Moving dimmer switch to floor

Olds Intrigue apparently has defective dimmer switch. It is column-mounted, and multi-function, running the headlights and turn signals also. On low beams, it is okay, -- but push the lever forward to activate
the high-beams and you have no headlights, and the high-beam indicator light doesn't light either. The switch is expenive, about $200 give or take, plus the considerable hassle of changing it (dealing with airbag, taking apart column, figuring out how to do all that etc). Meanwhile, the old floor mounted dimmer switches are about 15 bucks. It is tempting to just hook one of those into the system instead, just take the cordless drill and use a couple self-tapping hex-head screws to mount it onto the floor. It would be faster, and way cheaper and easier. Per the wiring diagram, it looks pretty straightforward to cut the wires running to the stalk switch and run them to the new switch (may have to lengthen them of course). This is my basic run-around car that nobody else is likely to ever own. Fifteen bucks versus ten times that much, and a half hour versus ??? (and risk of breaking something else etc). Anyone see any reason not to do this?
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On 2/13/2012 4:15 PM, blowout preventer wrote:

No reason other than a remote chance it won't pass safety inspection, but at least around here the driver/owner operates the controls so they'd never know.
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On Mon, 13 Feb 2012 13:15:04 -0800, snipped-for-privacy@msn.com (blowout preventer) wrote:

Under the circumstances, I'd go for it. Alternative is some sort of toggle mounted to the steering column.
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I always preferred the old foot-operated dimmer switch anyway. I don't always drive in the 10-2 position, and I liked the way all you had to do was basically twitch your big toe to change beams, didn't have to move your hands. Or even your foot. Yes, I am THAT lazy. Plus, look how much cheaper an easier it was to change a worn out swith. What was the reason behind all US mfgrs going to the stalk switch (and pretty much all at the same time IIRC) ??
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On Mon, 13 Feb 2012 17:55:51 -0800, snipped-for-privacy@webtv.net (James Goforth) wrote:

It is one of those things that became a standard in every car, just like PRNDL has.
Floor switches were subject to corrosion from wet shoes and salt residue in the rust belt. With a stick shift, it is difficult to change the light while depressing the clutch.
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On 2/13/2012 10:52 PM, Ed Pawlowski wrote:

PRNDL was mandated by the Federal government. I'm not sure that the location of the dimmer switch was.

Yes, but column mounted switches also suffered problems too. It is easy to have one's hands busy and not be able to dim the lights just like with the floor switch. I think they caught on mostly because of Europeans, and their being able to flash the headlights instead of sounding the horn... A trick that is very difficult to do with a floor mounted dimmer switch!
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On Mon, 13 Feb 2012 17:55:51 -0800, snipped-for-privacy@webtv.net (James Goforth) wrote:

I always prefered the foot switch too. Even if they go bad every few years from corrosion, it's still 100 times easier and 10 times cheaper to change them. I get really tired of moving my hands everytime someone comes toward me at nite. With the foot switch, I could just keep my foot right at the edge of it. Worse yet, is if I'm doing something like snacking while I drive, and have one hand full of food and have to try to move the other hand to hit the dimmer. There is a sharp turn in the road near me, and at least 5 times a week, I have to dim my lights while steering that sharp turn, because the other car can not be seen till they are on th curve, due to the hill alongside the road. I'll take the old foot switch anyday, and still have one in my old beater farm truck.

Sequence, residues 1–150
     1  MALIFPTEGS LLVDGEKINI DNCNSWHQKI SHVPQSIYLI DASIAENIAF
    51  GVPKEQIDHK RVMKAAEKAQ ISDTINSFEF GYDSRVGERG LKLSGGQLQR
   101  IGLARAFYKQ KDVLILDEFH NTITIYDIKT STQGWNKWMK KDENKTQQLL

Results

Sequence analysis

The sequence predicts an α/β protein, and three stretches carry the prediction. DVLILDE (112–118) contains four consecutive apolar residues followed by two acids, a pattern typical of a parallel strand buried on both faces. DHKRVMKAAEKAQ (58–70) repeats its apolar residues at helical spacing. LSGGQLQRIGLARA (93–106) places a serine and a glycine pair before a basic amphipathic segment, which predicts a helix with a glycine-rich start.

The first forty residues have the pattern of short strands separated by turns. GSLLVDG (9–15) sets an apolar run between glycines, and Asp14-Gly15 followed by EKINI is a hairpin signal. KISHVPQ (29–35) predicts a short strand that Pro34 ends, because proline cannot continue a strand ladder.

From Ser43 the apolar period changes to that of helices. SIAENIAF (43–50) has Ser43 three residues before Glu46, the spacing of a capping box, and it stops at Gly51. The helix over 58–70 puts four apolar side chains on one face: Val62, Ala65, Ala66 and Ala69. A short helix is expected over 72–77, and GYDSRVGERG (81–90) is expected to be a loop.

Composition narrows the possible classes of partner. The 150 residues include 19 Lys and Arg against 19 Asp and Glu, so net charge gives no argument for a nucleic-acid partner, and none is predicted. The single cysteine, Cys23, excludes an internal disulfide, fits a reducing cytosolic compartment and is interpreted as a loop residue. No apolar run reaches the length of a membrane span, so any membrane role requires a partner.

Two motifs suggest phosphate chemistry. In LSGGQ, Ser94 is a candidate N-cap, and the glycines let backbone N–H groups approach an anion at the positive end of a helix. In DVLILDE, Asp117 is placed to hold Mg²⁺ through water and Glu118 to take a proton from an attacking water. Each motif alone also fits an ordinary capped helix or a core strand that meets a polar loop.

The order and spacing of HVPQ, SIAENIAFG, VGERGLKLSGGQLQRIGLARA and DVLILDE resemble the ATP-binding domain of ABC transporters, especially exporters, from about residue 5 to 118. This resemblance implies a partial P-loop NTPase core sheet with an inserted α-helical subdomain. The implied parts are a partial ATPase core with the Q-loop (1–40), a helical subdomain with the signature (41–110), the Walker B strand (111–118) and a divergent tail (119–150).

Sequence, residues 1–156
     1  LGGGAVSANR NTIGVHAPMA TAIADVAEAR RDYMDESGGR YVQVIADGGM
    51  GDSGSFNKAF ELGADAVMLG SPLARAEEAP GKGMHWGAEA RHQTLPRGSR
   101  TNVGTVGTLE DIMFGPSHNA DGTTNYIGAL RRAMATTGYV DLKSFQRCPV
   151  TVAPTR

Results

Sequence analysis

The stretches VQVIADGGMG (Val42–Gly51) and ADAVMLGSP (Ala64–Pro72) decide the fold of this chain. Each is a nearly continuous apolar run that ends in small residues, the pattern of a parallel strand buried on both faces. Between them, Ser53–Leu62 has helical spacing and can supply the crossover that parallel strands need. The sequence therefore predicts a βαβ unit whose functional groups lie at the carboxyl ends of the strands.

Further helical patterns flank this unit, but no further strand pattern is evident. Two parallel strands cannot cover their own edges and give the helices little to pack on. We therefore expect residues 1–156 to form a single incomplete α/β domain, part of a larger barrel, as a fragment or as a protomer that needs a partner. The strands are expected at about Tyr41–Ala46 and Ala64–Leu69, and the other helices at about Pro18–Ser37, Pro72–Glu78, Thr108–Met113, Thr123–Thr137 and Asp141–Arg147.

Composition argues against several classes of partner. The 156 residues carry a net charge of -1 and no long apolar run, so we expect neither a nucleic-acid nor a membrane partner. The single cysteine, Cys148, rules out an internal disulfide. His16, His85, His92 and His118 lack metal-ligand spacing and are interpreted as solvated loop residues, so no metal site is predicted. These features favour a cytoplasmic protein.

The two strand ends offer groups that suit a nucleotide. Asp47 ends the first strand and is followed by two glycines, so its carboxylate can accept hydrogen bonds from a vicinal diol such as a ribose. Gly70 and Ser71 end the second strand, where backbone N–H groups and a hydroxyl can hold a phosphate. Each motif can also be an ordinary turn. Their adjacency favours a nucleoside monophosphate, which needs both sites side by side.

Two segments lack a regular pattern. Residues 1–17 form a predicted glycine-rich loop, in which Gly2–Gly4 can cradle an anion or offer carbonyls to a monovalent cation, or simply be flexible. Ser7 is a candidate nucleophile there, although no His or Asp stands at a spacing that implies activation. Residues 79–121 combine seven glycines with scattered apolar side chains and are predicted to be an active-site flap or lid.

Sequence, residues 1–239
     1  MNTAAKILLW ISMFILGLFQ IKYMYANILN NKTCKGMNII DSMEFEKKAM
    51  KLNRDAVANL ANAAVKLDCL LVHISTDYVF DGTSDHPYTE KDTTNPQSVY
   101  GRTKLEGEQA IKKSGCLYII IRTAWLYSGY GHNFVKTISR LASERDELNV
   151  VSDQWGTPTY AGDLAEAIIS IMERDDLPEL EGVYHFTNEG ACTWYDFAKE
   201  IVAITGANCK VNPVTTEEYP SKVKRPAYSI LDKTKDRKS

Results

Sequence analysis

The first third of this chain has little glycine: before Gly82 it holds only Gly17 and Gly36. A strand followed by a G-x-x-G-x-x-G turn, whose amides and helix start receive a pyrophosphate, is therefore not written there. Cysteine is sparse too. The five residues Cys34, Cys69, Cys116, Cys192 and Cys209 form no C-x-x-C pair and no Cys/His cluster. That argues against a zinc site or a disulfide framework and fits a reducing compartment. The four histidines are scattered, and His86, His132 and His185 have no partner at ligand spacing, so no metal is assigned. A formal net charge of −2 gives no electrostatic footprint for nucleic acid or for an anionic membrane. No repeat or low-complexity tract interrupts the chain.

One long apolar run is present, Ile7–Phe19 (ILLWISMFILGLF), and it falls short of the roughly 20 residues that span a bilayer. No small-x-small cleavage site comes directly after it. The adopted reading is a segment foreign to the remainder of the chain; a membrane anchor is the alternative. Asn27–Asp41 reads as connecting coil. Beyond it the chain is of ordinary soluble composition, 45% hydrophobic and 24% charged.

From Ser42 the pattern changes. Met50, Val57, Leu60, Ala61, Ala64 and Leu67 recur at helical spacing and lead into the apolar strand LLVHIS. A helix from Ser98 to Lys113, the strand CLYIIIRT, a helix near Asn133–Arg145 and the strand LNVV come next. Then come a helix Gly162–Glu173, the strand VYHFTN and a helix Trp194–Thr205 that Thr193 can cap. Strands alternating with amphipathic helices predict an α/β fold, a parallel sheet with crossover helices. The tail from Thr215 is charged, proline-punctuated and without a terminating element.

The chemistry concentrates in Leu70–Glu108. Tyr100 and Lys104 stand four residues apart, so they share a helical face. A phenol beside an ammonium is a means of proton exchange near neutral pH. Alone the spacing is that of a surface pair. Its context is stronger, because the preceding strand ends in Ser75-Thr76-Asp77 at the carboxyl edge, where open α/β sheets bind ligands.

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Bill wrote: "How do you know the problem is with the switch? Did you use a voltmeter to test for voltage at the light connectors? Maybe the high beams are burned out on both lights?
And did you use a voltmeter to check for voltage at the steering column wires? Perhaps the switch is working, but there is a problem after between there and the headlights? Relay? Wiring? Connectors?" ************************************** Thanks Bill, I tested for voltage at the bulb sockets and I think there is voltage there -- IIRC there is voltage to them all the time, and either the switch grounds it, or it routes to the BCM which grounds it, it's been awhile since I first looked at. I have been driving it like this for some time, as it's not a huge deal, driving in town, etc. I messed with it when I first got it, to diagnose what it needed, which is when I discovered the switch is pretty expensive -- and hence a floor switch would be so much cheaper, easier etc. The headlight bulbs are good -- plus the high beam indicator doesn't light up either, indicating that whole circuit isn't getting energized. I had also posted it on the internet and the consensus was that the switch is bad. Maybe it's a somewhat common thing. If I was going to put in a floor switch, I would, at the beginning of that process, do some further testing when I dug out the wires involved in the operation.
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